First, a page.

Potential impacts of the invasive exotic shrub Rhamnus frangula L. (glossy buckthorn) on forests of southern New Hampshire


This paper investigated the potential for the exotic shrub Rhamnus frangula L. (glossy buckthorn) to alter native plant community composition in southeastern New Hampshire. Stratified random sampling was performed with 2 m x 2 m plots randomly located in 5 m intervals along three 50 m transects in four even-aged Pinus-mixed hardwood forests, three of which were managed stands. The associations between R. frangula and the measured species abundances and environmental variables were investigated using linear, least-squares multiple regression and Non-metric Multidimensional Scaling Ordination. Plot basal area of R. frangula was inversely related to woody seedling density (p < 0.001), herb cover (p < 0.05), and species richness (p < 0.01). The relative contribution of R. frangula to explaining variance in seedling density was greater than canopy openness, soil pH, soil clay, or soil sand. Abundance of R. frangula was a statistically significant predictor (p < 0.05) of individual herb species abundances for all study sites. This evidence supports the hypothesis that R. frangula causes a decline in seedling density and alters native ground level plant species abundances. Furthermore, the patterns agree with the suppression of ground level plant species abundances by R. frangula found in removal experiments.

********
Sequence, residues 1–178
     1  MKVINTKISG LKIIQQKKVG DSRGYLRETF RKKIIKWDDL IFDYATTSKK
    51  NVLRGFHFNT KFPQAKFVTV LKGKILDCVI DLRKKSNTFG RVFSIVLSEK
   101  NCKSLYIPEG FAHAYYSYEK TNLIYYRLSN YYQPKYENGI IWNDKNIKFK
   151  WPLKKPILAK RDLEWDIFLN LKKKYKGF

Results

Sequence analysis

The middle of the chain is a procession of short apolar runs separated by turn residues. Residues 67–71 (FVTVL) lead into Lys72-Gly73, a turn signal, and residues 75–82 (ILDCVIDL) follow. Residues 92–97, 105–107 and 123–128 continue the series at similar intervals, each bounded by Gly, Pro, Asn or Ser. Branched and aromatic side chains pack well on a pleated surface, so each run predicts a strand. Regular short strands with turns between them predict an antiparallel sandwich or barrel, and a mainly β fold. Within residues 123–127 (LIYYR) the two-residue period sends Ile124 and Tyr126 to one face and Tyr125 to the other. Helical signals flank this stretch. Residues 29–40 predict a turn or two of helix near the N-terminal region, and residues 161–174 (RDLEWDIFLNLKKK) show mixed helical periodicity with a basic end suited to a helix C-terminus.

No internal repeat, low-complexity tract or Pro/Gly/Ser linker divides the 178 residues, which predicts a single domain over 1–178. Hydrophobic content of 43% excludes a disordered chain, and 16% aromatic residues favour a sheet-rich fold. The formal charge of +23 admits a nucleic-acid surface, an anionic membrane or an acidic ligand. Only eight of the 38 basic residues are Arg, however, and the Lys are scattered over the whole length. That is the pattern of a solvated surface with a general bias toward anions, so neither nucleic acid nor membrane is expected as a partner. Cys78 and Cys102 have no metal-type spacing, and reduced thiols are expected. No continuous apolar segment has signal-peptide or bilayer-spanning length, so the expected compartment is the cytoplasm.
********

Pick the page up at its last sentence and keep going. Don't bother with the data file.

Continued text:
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Northeastern Naturalist


Eagle Hill Publications

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Northeastern Naturalist © 2003